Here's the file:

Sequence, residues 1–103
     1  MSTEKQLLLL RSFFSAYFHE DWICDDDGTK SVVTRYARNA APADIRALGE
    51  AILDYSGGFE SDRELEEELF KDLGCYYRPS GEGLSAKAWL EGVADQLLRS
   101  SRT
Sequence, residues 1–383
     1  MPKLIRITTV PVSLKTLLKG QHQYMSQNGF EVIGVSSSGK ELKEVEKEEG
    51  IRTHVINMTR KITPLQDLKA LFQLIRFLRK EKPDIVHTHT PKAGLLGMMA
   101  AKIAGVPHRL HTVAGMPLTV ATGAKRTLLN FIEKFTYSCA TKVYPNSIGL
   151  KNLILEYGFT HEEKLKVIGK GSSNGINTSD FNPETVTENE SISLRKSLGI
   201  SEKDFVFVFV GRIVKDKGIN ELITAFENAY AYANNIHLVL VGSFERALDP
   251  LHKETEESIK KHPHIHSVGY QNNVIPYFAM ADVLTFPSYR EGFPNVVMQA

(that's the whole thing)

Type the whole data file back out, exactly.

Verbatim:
Sequence, residues 1–103
     1  MSTEKQLLLL RSFFSAYFHE DWICDDDGTK SVVTRYARNA APADIRALGE
    51  AILDYSGGFE SDRELEEELF KDLGCYYRPS GEGLSAKAWL EGVADQLLRS
   101  SRT
Sequence, residues 1–383
     1  MPKLIRITTV PVSLKTLLKG QHQYMSQNGF EVIGVSSSGK ELKEVEKEEG
    51  IRTHVINMTR KITPLQDLKA LFQLIRFLRK EKPDIVHTHT PKAGLLGMMA
   101  AKIAGVPHRL HTVAGMPLTV ATGAKRTLLN FIEKFTYSCA TKVYPNSIGL
   151  KNLILEYGFT HEEKLKVIGK GSSNGINTSD FNPETVTENE SISLRKSLGI
   201  SEKDFVFVFV GRIVKDKGIN ELITAFENAY AYANNIHLVL VGSFERALDP
   251  LHKETEESIK KHPHIHSVGY QNNVIPYFAM ADVLTFPSYR EGFPNVVMQA